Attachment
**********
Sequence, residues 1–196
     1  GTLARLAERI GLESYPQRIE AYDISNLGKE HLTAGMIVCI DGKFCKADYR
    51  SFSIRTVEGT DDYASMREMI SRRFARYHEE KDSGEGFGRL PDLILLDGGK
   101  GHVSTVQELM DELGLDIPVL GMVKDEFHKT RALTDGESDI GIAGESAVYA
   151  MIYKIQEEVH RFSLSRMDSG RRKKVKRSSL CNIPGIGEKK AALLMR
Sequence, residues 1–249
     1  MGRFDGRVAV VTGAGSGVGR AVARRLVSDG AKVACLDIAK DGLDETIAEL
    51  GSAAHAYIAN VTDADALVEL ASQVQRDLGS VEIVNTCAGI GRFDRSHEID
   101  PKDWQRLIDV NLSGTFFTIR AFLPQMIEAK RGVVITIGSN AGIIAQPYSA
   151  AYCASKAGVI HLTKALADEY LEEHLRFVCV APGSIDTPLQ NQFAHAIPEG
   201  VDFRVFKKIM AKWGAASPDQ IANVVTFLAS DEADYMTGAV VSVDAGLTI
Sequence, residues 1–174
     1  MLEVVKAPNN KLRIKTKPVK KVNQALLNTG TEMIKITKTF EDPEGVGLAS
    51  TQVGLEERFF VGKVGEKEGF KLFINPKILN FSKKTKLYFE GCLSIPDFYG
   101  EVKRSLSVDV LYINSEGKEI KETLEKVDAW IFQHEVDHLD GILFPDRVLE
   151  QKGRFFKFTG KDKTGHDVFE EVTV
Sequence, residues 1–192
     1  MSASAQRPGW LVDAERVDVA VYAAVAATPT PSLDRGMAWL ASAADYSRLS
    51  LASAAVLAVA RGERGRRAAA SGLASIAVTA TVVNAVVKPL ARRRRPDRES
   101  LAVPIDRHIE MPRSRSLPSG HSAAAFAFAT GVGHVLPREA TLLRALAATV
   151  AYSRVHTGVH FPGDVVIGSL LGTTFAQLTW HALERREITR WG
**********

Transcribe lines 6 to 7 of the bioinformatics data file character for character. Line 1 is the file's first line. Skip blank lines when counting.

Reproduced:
Sequence, residues 1–249
     1  MGRFDGRVAV VTGAGSGVGR AVARRLVSDG AKVACLDIAK DGLDETIAEL